There’s a very picturesque little waterfall and an old building that has been used to view the falls since Victorian times. You can shoot from standing on the bridge that spans the river, but I personally think you get better shots from down at river level. Be warned though, the banks are very steep and unstable. It’s probably better to wear wellies and cross the river (very carefully and when conditions allow) to access the best viewpoint.
3. Blea Tarn
Blea Tarn, nestled in amongst the spectacular backdrop of the Langdale Pikes, is a small, reasonably sheltered little Tarn, managed by the National Trust. This is another easy to access location, with only around a 5 minute walk required from the National Trust car park to reach the shoreline viewpoints.
The little tarn itself wouldn’t be much to look at without its surroundings, but it acts as a perfect mirror to some of the most shapely mountain peaks and fells in the whole of the Lake District.
Viewpoint 1 (Shoreline)
The prevailing weather and light will definitely play a large part in the success of your images at this location. Ideally, it’s best to coincide your visit with flat, calm conditions and early morning light, but the clouds can open up and provide intermittent light at any time of the day. So, don’t be put off if you can’t make it for dawn.
The Tarn provides the perfect mirror for the Langdale Pikes and surrounding fells, and the various rocks along the shoreline can provide a good foreground. You can use an ultra wide lens to capture the wider views, including the whole of the Tarn, but it can be interesting to try a longer focal length and isolate smaller areas of the water and reflections, for a more abstract-type image.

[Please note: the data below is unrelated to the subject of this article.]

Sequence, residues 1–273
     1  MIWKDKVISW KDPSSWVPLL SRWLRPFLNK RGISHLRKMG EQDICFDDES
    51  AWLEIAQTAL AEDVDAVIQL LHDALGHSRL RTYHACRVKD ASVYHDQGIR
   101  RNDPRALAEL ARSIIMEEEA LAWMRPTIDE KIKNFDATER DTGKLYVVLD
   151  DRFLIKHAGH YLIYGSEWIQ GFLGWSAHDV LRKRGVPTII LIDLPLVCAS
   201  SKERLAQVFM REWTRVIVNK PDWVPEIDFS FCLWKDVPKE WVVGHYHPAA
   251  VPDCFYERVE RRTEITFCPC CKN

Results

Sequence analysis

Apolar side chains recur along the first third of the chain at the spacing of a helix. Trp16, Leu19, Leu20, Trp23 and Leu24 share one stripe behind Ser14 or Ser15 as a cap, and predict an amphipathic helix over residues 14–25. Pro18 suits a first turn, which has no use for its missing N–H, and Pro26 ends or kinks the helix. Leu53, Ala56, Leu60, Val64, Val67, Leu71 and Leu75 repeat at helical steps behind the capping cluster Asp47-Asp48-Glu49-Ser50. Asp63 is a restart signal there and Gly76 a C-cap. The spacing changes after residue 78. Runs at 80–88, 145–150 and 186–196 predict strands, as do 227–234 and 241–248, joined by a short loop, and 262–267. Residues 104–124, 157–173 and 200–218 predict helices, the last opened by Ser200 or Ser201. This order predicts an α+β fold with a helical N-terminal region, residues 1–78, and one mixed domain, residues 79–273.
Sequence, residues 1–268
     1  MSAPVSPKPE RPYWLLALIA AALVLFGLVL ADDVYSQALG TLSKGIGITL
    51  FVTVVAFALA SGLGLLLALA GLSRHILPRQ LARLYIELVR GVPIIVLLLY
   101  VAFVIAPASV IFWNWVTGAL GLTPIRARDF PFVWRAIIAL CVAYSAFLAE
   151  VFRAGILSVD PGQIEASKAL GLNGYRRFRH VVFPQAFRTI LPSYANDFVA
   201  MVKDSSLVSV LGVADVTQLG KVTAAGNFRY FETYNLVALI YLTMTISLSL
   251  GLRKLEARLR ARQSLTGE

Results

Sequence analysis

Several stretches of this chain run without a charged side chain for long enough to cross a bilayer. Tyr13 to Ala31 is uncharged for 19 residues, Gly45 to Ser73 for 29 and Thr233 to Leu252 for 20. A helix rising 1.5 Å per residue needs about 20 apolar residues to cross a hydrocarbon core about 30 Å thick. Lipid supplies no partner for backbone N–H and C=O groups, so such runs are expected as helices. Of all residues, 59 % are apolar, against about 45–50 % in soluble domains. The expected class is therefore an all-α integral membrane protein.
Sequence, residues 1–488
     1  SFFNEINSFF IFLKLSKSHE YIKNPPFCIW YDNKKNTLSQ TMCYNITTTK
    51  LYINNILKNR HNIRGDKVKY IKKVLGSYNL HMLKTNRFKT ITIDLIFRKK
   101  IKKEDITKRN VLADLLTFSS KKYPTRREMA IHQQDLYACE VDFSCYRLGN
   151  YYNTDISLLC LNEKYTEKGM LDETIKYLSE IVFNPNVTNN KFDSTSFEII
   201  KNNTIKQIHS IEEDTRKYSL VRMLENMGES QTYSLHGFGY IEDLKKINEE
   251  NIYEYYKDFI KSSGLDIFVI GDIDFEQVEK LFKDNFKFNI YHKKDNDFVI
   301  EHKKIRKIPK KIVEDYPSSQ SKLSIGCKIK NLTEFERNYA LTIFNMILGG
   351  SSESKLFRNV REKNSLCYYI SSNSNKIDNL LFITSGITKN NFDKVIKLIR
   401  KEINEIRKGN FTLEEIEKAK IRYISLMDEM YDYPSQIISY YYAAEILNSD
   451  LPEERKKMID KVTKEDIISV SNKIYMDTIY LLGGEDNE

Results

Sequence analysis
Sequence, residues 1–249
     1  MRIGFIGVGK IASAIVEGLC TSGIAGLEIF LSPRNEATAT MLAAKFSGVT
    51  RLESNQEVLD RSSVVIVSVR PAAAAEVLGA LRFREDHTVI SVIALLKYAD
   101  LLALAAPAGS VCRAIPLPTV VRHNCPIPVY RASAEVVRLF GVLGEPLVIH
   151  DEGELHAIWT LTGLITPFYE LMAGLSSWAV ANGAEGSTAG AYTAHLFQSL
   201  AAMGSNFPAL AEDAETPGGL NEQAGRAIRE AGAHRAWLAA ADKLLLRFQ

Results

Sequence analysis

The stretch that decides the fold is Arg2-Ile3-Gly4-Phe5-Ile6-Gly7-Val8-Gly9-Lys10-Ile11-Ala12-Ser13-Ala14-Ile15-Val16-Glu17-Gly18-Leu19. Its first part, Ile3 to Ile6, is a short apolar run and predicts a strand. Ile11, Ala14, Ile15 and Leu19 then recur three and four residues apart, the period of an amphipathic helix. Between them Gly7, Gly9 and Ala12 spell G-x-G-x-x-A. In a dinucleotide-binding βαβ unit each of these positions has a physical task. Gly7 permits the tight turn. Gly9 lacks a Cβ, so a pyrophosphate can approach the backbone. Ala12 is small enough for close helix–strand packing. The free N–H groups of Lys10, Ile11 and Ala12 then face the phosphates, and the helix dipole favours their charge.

Viewpoint 2 (Side Pike and Lingmoor Fell)
For a more elevated view, turn right out of the National Trust Blea Tarn car park and head up the hill. There is very limited parking here but, as you reach a cattle grid at the top of the hill, there is space for maybe two cars. Walk back down the hill and you will see a steep path on your left that quickly heads up onto Side Pike and Lingmoor Fell.
If you take it steady, it will probably take you around 15 to 20 minutes to reach Side Pike and the views back down towards Blea Tarn. There’s so much interest in the surrounding fells and craggy peaks that it’s difficult to resist including it all in a stitched panoramic. I tend to use a longer focal length lens, such as a 70-200 mm, to achieve this. The views in the opposite direction are not too bad either!
If you still have energy to spare, carry on walking up to Lingmoor Fell. The views over the peak of Side Pike and into the valley of Great Langdale are spectacular. I might be repeating myself here, but again, the panoramic approach is the one I’d choose to capture the drama of the surrounding peaks and sloping fells, hopefully with a touch of soft, early morning light.